“Knights of Glory,” a computer game that seeks to unite players across the Arab world. Arab videogame designers want to portray the region in a modern light.
These men, however, did not belong to one of the mysterious anarchist groups that have appeared in recent months. They were devotees of a new Arabic computer game called Knights of Glory, a “massively multiplayer” online game set in the seventh and eighth centuries during the Arab conquests and made by a company called Falafel Games.
It was the first time most of these fans had met each other outside the game but they descended upon a small row of computers in the Nasr City district like old friends. As they started to play, screens which normally displayed western games like FIFA and World of Warcraft filled with Arabic script. Some gamers, like “Hohoz” (real name: Hani, a computer science student), have been playing Knights of Glory since it was released two years ago. Others, like “The Ghost” (real name: Bassem, employee at an Islamic Bank), had only just started. They are united by this game created “by Arabs, for Arabs,” in the words of its designers.
Videogames are becoming big business in the Arab world. The market is estimated to be worth between $1bn and $2.6bn. (With such an active grey market there are no exact figures.) Technology analysts Discover Digital Arabia (DDA) estimate that the average Saudi child spends $400 a year on videogames. Even the King of Jordan has been snapped gaming on his private jet. The internet has helped turbocharge the gaming industry. Whatever the role of Twitter and Facebook in the Arab Spring, far more people across the region use the web to play games than to plan revolutions. According to DDA, 65 per cent of Saudi internet users play online games, as do 56 per cent of Egyptian internet users.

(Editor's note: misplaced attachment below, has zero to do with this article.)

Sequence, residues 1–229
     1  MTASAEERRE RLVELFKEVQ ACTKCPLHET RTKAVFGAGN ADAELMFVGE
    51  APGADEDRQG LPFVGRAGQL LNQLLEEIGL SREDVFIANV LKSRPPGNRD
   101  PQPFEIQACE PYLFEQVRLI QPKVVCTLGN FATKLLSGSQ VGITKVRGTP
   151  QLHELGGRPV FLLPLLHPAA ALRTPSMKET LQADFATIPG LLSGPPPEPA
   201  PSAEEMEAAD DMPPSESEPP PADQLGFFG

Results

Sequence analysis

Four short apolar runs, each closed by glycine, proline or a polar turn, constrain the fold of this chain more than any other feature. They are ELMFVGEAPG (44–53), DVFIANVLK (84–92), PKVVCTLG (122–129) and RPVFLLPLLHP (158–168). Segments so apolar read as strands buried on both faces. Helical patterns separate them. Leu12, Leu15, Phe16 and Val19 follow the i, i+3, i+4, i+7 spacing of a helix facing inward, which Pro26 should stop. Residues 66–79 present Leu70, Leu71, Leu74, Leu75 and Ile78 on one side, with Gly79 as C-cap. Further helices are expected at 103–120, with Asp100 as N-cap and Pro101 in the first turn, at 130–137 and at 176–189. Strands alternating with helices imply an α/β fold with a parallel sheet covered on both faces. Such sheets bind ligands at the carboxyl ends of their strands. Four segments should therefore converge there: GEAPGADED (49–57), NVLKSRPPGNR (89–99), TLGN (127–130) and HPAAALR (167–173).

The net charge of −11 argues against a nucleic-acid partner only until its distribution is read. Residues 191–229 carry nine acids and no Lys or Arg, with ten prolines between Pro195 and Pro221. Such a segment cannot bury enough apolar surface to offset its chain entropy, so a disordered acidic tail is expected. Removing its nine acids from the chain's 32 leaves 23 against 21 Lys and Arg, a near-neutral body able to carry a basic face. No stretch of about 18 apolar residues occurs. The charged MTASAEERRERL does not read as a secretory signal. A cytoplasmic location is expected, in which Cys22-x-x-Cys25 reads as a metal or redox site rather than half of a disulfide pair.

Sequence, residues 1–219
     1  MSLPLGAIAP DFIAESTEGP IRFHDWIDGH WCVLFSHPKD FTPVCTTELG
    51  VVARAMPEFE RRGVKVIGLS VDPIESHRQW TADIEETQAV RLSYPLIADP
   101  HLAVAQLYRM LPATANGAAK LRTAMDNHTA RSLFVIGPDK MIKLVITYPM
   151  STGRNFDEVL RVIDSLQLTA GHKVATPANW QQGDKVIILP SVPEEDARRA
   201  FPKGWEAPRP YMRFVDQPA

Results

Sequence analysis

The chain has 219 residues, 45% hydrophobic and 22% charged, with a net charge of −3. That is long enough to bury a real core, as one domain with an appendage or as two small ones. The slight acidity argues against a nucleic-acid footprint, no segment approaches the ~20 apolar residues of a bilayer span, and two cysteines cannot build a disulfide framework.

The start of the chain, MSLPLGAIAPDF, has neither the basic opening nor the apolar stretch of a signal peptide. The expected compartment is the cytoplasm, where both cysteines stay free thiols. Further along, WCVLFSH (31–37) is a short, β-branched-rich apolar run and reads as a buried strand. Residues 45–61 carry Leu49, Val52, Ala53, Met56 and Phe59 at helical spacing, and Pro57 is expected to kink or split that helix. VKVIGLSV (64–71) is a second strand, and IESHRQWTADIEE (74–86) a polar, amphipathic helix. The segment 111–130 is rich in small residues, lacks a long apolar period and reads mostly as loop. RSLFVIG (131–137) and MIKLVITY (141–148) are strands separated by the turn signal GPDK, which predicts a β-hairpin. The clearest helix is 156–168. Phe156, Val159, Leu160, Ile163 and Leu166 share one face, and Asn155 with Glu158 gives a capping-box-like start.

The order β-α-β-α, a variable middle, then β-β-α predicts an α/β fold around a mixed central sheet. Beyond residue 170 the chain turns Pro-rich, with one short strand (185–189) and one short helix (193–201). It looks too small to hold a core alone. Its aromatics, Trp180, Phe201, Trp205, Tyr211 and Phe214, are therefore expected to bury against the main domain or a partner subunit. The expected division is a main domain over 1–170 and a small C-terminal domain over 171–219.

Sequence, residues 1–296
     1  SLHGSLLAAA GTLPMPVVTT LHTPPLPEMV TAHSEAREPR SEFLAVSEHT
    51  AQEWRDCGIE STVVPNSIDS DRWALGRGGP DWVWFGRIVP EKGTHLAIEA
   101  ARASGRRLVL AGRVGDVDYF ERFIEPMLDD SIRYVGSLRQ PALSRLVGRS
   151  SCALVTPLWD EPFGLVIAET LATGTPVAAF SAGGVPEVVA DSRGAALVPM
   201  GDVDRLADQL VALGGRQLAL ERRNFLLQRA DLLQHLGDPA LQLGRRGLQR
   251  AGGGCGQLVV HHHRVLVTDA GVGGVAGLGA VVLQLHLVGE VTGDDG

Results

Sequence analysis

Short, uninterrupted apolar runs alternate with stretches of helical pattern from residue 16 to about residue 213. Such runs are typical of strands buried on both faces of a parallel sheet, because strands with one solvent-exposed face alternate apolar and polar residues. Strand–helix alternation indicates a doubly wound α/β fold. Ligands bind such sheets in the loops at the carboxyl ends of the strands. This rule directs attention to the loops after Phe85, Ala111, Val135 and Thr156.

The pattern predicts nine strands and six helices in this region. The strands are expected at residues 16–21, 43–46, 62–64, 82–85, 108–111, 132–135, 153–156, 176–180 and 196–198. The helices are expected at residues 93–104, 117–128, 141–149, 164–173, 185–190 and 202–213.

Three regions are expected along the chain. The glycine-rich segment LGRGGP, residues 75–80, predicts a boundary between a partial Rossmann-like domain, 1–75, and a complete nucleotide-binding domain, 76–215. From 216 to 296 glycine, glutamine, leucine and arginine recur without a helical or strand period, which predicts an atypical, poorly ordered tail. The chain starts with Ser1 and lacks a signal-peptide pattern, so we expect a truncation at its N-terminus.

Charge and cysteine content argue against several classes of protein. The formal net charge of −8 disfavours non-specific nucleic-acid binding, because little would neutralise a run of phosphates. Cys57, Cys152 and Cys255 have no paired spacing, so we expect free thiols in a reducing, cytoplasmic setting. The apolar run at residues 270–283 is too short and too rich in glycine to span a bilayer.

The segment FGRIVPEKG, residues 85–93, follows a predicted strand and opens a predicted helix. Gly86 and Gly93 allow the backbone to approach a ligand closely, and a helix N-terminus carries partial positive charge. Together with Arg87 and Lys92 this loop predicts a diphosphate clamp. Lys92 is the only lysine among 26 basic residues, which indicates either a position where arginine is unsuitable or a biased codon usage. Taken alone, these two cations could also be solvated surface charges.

Falafel Games is not the only company trying to woo this new market. Other designers like Quirkat, Semanoor and Nezal are pioneering videogames in the Middle East—from sophisticated Playstation titles to simpler Facebook games.
These designers are tired of playing videogames that depict the Arab world in an ignorant way. Vince Ghossoub, one of the founders of Falafel Games, tells me that games too often show Arabs “as they would be imagined by a non-Arab gamer: in a very orientalised way.” The Call of Duty series has been particularly controversial. Call of Duty 4: Modern Warfare, in which you have to oust the tyrant Khaled al-Asad in an unnamed oil-rich Middle Eastern country, fell foul of censors in Saudi Arabia and the United Arab Emirates. Pakistan has also recently banned Call of Duty: Black Ops 2 because it portrays the country unfavourably. For designers in the Middle East, videogames are a chance to show the region in a different light.
Vince Ghossoub (left) and Radwan Kasmiya, the founders of Falafel Games
All the Knights of Glory gamers that I talked to agree that there is a distinctly “Arab feeling” about the game. But it was not created in Cairo. It was designed in a small office space in Hangzhou, China, where the taps only run boiling hot water. In this games studio, Falafel founders Vince Ghossoub and Radwan Kasmiya (see left) lead a team of 20, most of whom are Chinese men. In 2007, Ghossoub read an advert for an MBA in Shanghai. Just a few months later he was heading for the world’s second biggest economy, perhaps following the advice of the prophet Mohammed to “seek knowledge even unto China.” Ghossoub has dubbed himself the “foreign minister” of Falafel—he deals with marketing, publicity and the business side of the company. Kasmiya, referred to as the “minister of the interior,” is the main game designer.